Opening arguments in the case against Isaac Campbell, who has been in jail since 2007 for allegedly killing his girlfriend, Liya “Jessie” Lu, and sealing her body in a trashcan in a plastic bag filled with cat litter, began on Oct. 7.
The trial had been continued and postponed for four years.
Called to the stand on Oct. 9 was Dr. Pedro Ortiz, a Deputy Medical Examiner of the Los Angeles County Coroner Office who performed the autopsy on Lu.
“I could find nothing remarkable about the cadaver,” Ortiz said of the 5-hour autopsy, “except that the body was in an advanced state of mummification.”
According to Ortiz, the body was mummified because the cat litter absorbed the heat that would have otherwise decomposed her body. Her body was also in such a state that it required special examination.
The examinations on Lu’s body, however, could not identify her cause of death. X-rays, for example, were performed on her body to see if there were any internal marks or injuries like knife dips or metallic objects, but none were found.
Her body also lacked blood or vitreous humor, which is found on the gelatin of the eye, urine or stomach contents for toxicology tests. Instead, her liver, gall bladder and spleen were submitted and came back with minimal levels of alcohol in her system.
Overall, Ortiz said that the autopsy proved inconclusive.
“The mechanisms of Lu’s death, I don’t know,” he said. “I found no trauma internally or externally on Miss Lu’s neck, but I can extend that to her whole body as well. I could not find trauma anywhere else.”
Ortiz, however, ruled Lu’s death as a homicide because of the circumstances: a young Asian woman, with no history of diseases, a negative toxicology report, found in a trash can, covered in cat litter.
Ruth Evans, co-worker and supervisor to Lu at Kaiser Permanente at the time of her disappearance, was also called to testify.
As her supervisor for a year, Evans said that Lu was working a minimum of six days a week and that the last time she worked with her was on Aug. 10, 2007.
“She never had tardy problems,” Evans said of Lu. “She was conscientious. Always completed her assignments on time.”
Consecutive no-call, no-shows lead Evans to contact both the union and the police.
“We figured it was out of her character,” Evans said.
With no contact from Lu, Evans finally sent a telegram on Aug. 14 for her termination on grounds of job abandonment.
According to Evans, she did not know of Isaac Campbell.
Also called to the stand was Jeremy Zhou, a cousin who has known her since she was in China. Zhou and Li married in 1998 and resided in San Gabriel until their divorce in 2003.
Following their divorce, Zhou said that they maintained an on-the-surface relationship as cousins and that the last time he saw her was on Aug. 11, 2007, when she called him to see her new apartment she had rented and to purchase some items from K-Mart.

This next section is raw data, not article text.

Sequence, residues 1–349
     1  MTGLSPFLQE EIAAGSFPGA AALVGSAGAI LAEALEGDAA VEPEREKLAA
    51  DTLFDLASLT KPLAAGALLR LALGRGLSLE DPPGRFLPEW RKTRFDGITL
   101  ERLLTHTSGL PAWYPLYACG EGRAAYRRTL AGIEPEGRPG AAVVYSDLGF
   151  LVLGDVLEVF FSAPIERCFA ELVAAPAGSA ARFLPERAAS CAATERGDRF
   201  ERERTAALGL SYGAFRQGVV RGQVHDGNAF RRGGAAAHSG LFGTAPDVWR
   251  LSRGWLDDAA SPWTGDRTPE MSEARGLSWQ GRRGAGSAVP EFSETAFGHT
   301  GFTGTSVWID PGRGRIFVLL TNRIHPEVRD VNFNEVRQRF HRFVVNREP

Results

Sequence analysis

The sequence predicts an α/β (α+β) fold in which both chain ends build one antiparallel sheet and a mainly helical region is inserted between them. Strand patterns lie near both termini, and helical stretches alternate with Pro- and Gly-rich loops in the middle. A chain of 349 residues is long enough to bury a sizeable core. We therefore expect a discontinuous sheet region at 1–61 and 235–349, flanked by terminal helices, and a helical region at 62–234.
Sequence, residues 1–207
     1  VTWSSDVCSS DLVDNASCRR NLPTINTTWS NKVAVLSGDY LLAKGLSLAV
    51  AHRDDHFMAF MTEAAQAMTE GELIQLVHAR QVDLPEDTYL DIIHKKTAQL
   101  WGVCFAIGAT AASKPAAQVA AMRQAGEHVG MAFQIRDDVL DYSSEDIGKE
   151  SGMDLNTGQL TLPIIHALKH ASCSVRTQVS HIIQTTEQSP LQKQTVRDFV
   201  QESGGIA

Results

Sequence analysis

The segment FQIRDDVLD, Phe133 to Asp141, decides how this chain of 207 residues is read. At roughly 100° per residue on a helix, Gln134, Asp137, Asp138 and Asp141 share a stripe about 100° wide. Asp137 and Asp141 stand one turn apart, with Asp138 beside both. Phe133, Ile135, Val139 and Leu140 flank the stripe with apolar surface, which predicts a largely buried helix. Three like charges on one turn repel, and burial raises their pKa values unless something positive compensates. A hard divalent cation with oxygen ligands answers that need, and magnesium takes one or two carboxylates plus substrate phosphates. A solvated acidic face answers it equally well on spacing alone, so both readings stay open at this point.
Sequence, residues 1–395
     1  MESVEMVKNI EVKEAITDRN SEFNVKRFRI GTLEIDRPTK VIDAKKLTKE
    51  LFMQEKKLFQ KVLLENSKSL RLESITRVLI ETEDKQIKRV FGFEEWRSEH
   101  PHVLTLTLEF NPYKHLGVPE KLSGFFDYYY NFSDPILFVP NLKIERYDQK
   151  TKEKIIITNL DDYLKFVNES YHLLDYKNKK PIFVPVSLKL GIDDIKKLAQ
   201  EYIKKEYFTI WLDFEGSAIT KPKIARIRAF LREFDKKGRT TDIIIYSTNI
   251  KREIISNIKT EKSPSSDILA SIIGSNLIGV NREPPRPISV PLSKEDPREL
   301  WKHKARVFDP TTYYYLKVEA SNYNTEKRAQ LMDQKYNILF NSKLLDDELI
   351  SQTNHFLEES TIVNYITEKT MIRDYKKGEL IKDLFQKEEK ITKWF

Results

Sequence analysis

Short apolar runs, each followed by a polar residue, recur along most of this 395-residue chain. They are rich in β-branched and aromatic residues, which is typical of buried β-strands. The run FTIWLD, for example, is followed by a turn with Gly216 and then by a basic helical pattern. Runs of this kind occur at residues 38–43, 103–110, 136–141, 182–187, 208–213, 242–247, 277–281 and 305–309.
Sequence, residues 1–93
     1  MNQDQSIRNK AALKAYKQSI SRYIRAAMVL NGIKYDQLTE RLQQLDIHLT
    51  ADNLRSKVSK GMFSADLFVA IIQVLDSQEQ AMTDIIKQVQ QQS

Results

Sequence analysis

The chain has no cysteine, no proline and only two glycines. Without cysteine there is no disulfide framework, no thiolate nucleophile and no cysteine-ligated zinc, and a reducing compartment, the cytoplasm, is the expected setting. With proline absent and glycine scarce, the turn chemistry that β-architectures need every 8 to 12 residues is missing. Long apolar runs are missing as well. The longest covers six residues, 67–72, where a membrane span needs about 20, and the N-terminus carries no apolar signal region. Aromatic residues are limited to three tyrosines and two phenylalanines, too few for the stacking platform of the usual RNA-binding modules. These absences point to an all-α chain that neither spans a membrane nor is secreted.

Unlike Evans, however, Zhou said he knew of Campbell and said that he had been around their office before.
According to detective James Just, the end of the trial doesn’t seem near.
“It might take a long time,” Just said. “Maybe well into Thanksgiving. We have a lot of witnesses.”
Lu went missing in August 2007 and her body was found at a home in Arcadia in a recycling bin filled with cat litter in September. She was last seen at Campbell’s apartment, according to witnesses.
Lu graduated from PCC in 2006 with an associate degree in Art and had reapplied for the nursing program, where Campbell was already a student.
According to Isaac Campbell’s father, Maceo Campbell, his son and Lu had dated for several years.
â€¨Her body was discovered by an acquaintance of Campbell’s, Michael Darby. Campbell had asked Darby if he could store some things in the garage of his house, including the blue recycling bin Lu was found in.
In April 2009, Darby testified in a preliminary hearing that he opened the recycling bin and found clothes.
â€¨”There was cat litter under the clothes, it was just poured in there,” Darby said at that time. “There was a bag in there. I opened the bag a little bit and I smelled death. If you’ve ever smelled death before you know it does not smell good.”
- EDITORIAL: Apologize about the real problem - April 23, 2014
- STATEMENT: District apologizes to Oscar winning alum - April 21, 2014
- EDITORIAL: The Forgotten Students - March 26, 2014
- 18-year-old charged with murder pleads not guilty - February 26, 2014
- College opposes Chick-fil-A’s plans to open near campus - February 20, 2014
- Friends, family grieve over fatal shooting of PCC nursing student - February 18, 2014
- Academic Senate still at opposite ends with administration - February 12, 2014
- Is the end of the hardcover book approaching? - February 1, 2014
- Dance class, a place to embody your homework - January 30, 2014
- Artist in Residence “Yes No” exhibit opens soon - January 29, 2014